2. Quick, fast passes will keep the defense off-balance. Dribbling gives the defense time to get in a good defensive position. It is important for offensive players to be in a good, balanced position on receiving the pass so that a number of moves can be made.
3. Individual moves are important for each player to develop. These moves are then incorporated with other teammates’ moves for an effective team offense.
4. If an offensive player drives to the basket for a lay-up, all other offensive players should clear out of the area.
5. Floor balance is a basic key to winning basketball. All players must know when to enter a play situation or keep out.
6. Give and Go is the simplest offensive pattern. It is used in all offensive patterns, simple or complex.
7. The player with the ball should always be followed by a trailer for a safety pass backward if forward progression is blocked. Also, if the ball is intercepted, the trailer is ready for defense.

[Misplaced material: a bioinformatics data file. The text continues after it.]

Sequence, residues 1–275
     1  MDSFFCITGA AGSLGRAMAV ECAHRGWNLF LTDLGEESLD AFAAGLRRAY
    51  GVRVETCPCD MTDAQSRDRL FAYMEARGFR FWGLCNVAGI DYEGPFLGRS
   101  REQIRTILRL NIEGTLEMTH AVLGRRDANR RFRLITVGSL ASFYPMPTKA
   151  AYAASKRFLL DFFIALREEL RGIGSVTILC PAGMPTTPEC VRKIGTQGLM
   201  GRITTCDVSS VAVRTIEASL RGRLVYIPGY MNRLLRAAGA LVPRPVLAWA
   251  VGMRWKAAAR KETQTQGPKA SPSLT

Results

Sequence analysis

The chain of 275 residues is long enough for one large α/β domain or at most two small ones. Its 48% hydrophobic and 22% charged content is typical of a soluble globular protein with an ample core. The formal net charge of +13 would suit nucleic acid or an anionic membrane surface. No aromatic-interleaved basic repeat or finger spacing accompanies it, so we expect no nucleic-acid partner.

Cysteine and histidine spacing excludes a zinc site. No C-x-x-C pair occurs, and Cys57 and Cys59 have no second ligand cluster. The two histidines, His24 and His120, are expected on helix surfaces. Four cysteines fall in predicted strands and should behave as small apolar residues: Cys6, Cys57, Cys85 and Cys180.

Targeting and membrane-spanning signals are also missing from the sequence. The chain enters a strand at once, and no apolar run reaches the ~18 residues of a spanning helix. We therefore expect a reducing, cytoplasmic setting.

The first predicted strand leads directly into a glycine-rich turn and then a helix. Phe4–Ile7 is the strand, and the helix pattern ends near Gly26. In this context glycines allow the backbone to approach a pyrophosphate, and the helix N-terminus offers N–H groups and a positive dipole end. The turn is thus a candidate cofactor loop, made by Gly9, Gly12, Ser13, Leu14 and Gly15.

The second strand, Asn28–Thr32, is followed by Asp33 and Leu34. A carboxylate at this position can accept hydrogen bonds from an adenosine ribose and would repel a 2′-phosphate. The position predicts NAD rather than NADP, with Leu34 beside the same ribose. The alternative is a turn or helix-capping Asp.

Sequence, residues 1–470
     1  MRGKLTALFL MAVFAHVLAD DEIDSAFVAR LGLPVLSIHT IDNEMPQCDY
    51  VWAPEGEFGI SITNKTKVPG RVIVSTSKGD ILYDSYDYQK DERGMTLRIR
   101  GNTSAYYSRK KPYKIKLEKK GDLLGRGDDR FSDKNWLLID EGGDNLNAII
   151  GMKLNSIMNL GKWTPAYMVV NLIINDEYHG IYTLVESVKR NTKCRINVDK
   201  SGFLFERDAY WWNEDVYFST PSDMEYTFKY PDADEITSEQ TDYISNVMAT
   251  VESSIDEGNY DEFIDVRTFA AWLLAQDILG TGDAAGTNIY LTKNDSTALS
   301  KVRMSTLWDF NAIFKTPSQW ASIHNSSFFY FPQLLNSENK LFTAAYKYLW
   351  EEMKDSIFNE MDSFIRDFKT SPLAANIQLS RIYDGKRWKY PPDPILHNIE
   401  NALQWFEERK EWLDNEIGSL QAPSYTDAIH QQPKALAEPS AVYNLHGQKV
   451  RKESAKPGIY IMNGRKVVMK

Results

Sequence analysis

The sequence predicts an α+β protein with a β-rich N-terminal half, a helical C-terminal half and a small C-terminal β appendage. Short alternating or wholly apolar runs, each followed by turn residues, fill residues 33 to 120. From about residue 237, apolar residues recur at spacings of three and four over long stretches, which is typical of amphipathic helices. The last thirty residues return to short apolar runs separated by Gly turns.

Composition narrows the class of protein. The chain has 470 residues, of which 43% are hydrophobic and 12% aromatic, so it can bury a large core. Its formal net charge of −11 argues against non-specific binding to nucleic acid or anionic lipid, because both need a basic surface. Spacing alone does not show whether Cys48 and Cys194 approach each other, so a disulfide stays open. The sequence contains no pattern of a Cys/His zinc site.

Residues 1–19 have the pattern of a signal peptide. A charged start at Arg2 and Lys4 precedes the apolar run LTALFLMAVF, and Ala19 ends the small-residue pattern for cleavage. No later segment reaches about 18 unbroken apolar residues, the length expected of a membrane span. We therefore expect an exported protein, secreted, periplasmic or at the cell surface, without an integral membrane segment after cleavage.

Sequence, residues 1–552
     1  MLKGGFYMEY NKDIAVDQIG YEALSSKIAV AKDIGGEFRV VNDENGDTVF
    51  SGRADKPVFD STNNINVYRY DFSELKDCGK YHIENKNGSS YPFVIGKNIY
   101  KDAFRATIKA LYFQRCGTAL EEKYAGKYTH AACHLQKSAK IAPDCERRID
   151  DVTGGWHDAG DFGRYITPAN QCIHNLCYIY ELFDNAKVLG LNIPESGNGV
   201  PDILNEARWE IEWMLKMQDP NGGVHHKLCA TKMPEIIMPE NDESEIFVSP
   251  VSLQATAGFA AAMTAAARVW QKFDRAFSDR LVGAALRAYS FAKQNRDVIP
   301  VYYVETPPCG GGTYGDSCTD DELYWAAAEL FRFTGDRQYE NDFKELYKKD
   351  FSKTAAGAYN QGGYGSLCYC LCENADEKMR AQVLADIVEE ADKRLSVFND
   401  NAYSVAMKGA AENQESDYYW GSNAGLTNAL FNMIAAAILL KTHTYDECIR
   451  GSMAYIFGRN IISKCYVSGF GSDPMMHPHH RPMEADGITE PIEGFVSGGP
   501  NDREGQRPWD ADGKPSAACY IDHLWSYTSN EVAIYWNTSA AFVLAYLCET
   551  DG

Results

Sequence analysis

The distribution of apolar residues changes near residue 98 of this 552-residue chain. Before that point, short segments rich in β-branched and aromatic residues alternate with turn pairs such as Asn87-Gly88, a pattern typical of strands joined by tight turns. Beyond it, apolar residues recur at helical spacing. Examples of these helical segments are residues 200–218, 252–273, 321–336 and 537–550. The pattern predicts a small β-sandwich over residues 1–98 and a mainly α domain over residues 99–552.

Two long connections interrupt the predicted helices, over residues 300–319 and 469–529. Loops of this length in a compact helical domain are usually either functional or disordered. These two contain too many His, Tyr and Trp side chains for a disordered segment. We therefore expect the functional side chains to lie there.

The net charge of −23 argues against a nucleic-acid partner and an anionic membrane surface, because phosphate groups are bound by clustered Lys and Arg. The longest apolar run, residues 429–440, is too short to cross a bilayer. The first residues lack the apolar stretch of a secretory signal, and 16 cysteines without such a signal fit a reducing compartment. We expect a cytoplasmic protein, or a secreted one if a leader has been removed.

8. Never force a pass or shot if several defensive players converge on the ball. Turn and pass the ball back.
9. Move the ball out and around the top when moving the ball from one side of the court to the other.
10. On the shot, all offensive players should move into offensive rebounding positions ready to put the rebound up for another shot.
11. Screens or blocks create a situation with two offensive players against one defensive player. These are essential to learn.
For more on coaching youth sports, visit RTP Sports Camps [http://www.rtp-sportscamps.com/index.html].
Kent Janz is the founder of RTP Sports Camps. Having coached basketball for 15 years, it was time to teach others to do the same. RTP Sports Camps is all about helping youth develop a love for sports. By the way, we are looking for coaches in your area!